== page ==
Education policy makers are enamored with the idea of “grit” as the factor that will help low income and/or low achieving students to overcome the structural factors that inhibit academic achievement.  They laud perseverance, self-control, and the ability to embrace challenges.  Grit has become a research agenda in education and scales have been developed to measure “grittiness.”  I suggest that if you want a model of grittiness in a young child, look to Ruby Bridges.  Of course, the power of her grit was not used to document a standardized test score.  Rather, her grit sparked a social movement and resulted in the fruition of a dream that Dr. Martin Luther King would eloquently speak about almost three years later in August, 1963, when he said “I have a dream that one day, down in Alabama, with its vicious racists, with its governor having his lips dripping with the words of interposition and nullification; one day right there in Alabama, little black boys and black girls will be able to join hands with little white boys and white girls as sisters and brothers.”  For a short period of time and in some schools, and although not seamlessly, that dream was realized in New Orleans.

The dream did not last very long in New Orleans, however.  In the decades following Ruby Bridges’ lonely walk, the dream was sadly deferred.  Education policy discussions no longer focused on the impact of poverty, racism, and equity.  We will never know what the educational achievement of our public schools would have been if we’d kept the dream of integrated schools alive in the U.S.   Efforts to ameliorate the impact of poverty on educational attainment begun during the Johnson administration were never fully realized.  I am reminded of the Langston Hughes’ poem “A Dream Deferred.”

A Dream Deferred

by Langston Hughes


What happens to a dream deferred?

Does it dry up

like a raisin in the sun?

Or fester like a sore–

And then run?

Does it stink like rotten meat?

Or crust and sugar over–

like a syrupy sweet?

Maybe it just sags

like a heavy load.

Or does it explode?

As the War on Poverty initiatives were steadily defunded, the dream dried up in cities like New Orleans.  Segregated schools slowly but surely once more became the norm.  And the problems festered.  Poverty’s grip on the city placed a stranglehold on its schools and, not surprisingly, students’ educational achievement suffered.  It’s a story that repeated itself across the country in large urban areas.  Jonathan Kozol wrote extensively about the problems of schools like those in New Orleans and urged America to right the wrongs associated with schools trying to survive in desolate, crime ridden neighborhoods with shrinking tax bases and funds in which students, predominantly of color, were increasingly isolated.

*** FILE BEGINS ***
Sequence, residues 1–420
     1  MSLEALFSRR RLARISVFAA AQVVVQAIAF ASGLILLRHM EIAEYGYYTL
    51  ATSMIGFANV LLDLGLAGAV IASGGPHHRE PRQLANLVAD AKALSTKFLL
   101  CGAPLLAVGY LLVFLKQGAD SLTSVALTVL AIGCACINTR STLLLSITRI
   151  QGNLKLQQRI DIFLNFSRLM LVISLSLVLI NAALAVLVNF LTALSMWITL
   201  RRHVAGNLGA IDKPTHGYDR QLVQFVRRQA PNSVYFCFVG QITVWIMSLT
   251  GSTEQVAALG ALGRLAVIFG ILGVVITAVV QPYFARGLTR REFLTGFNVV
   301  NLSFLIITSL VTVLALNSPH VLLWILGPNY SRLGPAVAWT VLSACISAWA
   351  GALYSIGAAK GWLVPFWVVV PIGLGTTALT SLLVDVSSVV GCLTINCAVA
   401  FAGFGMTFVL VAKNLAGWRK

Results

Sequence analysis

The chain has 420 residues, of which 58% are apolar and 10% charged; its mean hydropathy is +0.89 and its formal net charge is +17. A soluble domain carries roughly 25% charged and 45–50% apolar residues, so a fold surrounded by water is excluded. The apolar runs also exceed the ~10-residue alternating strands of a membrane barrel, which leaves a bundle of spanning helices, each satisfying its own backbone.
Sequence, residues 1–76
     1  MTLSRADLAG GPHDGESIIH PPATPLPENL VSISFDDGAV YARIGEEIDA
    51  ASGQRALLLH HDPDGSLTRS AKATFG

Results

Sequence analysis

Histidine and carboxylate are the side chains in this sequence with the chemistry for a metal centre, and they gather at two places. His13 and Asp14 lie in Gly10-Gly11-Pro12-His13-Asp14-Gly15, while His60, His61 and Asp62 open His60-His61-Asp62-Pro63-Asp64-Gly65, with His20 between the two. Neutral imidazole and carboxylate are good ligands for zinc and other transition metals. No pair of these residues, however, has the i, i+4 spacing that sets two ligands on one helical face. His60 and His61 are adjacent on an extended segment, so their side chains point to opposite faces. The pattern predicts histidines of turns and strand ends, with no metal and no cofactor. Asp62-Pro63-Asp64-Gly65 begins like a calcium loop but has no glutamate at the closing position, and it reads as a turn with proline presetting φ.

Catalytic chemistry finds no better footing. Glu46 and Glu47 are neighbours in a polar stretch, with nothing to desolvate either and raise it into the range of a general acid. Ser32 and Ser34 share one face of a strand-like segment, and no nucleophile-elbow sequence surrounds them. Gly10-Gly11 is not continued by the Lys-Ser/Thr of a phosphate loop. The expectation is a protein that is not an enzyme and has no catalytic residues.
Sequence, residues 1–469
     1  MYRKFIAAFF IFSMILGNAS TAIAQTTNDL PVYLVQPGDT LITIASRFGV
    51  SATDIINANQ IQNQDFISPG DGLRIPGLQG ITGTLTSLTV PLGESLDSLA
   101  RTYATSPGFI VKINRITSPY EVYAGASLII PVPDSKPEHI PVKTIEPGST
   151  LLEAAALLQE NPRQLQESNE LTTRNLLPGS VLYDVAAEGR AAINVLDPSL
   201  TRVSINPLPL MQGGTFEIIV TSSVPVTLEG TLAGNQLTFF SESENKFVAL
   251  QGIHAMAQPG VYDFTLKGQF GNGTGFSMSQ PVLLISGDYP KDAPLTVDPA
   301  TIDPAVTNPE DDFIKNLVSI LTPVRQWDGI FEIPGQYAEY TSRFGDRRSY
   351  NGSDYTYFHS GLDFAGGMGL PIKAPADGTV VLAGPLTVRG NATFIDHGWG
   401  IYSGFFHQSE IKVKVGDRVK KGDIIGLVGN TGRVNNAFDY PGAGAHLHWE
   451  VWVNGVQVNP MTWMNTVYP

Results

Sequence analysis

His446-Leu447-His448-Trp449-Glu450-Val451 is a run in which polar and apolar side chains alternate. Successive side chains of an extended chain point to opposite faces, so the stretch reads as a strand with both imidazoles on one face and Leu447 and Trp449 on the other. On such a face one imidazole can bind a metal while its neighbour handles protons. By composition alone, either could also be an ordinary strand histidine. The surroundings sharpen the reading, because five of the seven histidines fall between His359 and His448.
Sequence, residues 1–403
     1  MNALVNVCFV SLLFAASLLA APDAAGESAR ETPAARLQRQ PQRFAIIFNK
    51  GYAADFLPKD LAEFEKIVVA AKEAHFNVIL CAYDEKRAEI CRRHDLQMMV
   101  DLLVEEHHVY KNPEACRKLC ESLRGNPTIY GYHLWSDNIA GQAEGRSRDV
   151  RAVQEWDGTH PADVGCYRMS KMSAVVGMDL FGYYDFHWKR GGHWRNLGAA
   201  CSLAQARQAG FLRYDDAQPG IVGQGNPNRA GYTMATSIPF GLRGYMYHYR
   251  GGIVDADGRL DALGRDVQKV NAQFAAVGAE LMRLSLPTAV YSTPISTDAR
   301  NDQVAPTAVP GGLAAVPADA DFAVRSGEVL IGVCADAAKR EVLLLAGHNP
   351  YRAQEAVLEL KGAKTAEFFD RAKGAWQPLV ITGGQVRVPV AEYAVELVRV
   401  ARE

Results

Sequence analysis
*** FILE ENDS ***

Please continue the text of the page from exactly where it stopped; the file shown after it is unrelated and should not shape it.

In the headlong rush to demonstrate that America’s public schools were a failure and to systemically reform our public school system through free market principles and efforts to privatize education, New Orleans and other urban areas in the U.S. would become ensnared in the corporatization of public schools.  The syrupy sweet public relations campaign surrounding the charter school movement would provide the propaganda needed to further efforts to dismantle the public schools in these cities and divert efforts to reform the schools by addressing poverty, racism, and other structural factors at the heart of educational disparities.

And then the dream exploded in Ruby Bridges’ own home town, New Orleans.  Hurricane Katrina hit the city square on, bringing death and destruction and leaving families displaced.  Friedmanomic free market coporate reformers grasped at the opportunity to totally remake New Orleans’ public school system and privatize education.  Teachers were fired en masse and public schools were closed and re-opened as charter schools.  As Kristen Buras explains in Charter Schools, Race, and Urban Space: Where the Market Meets Grassroots Resistance, “Time and again in New Orleans, charters would be given funding and facilities in what amounts to an educational land grab premised on historical erasure and the racial-spatial redistribution of resources.”

There are no traditional public schools in New Orleans any more.  They are all gone.  The school Ruby Bridges’ attended, William Franz Elementary — a historical landmark — does not even bear its own name.  It was taken over by the charter school management group Crescent City Schools and renamed Aliki Academy.  I am left to wonder why the legacy of Ruby Bridges’ efforts was not important enough to preserve the name of the school that has such an important part in history?  It seems that the name of Ruby Bridges’ school is being erased from history in New Orleans.  Is this part of the erasure that Buras talks about?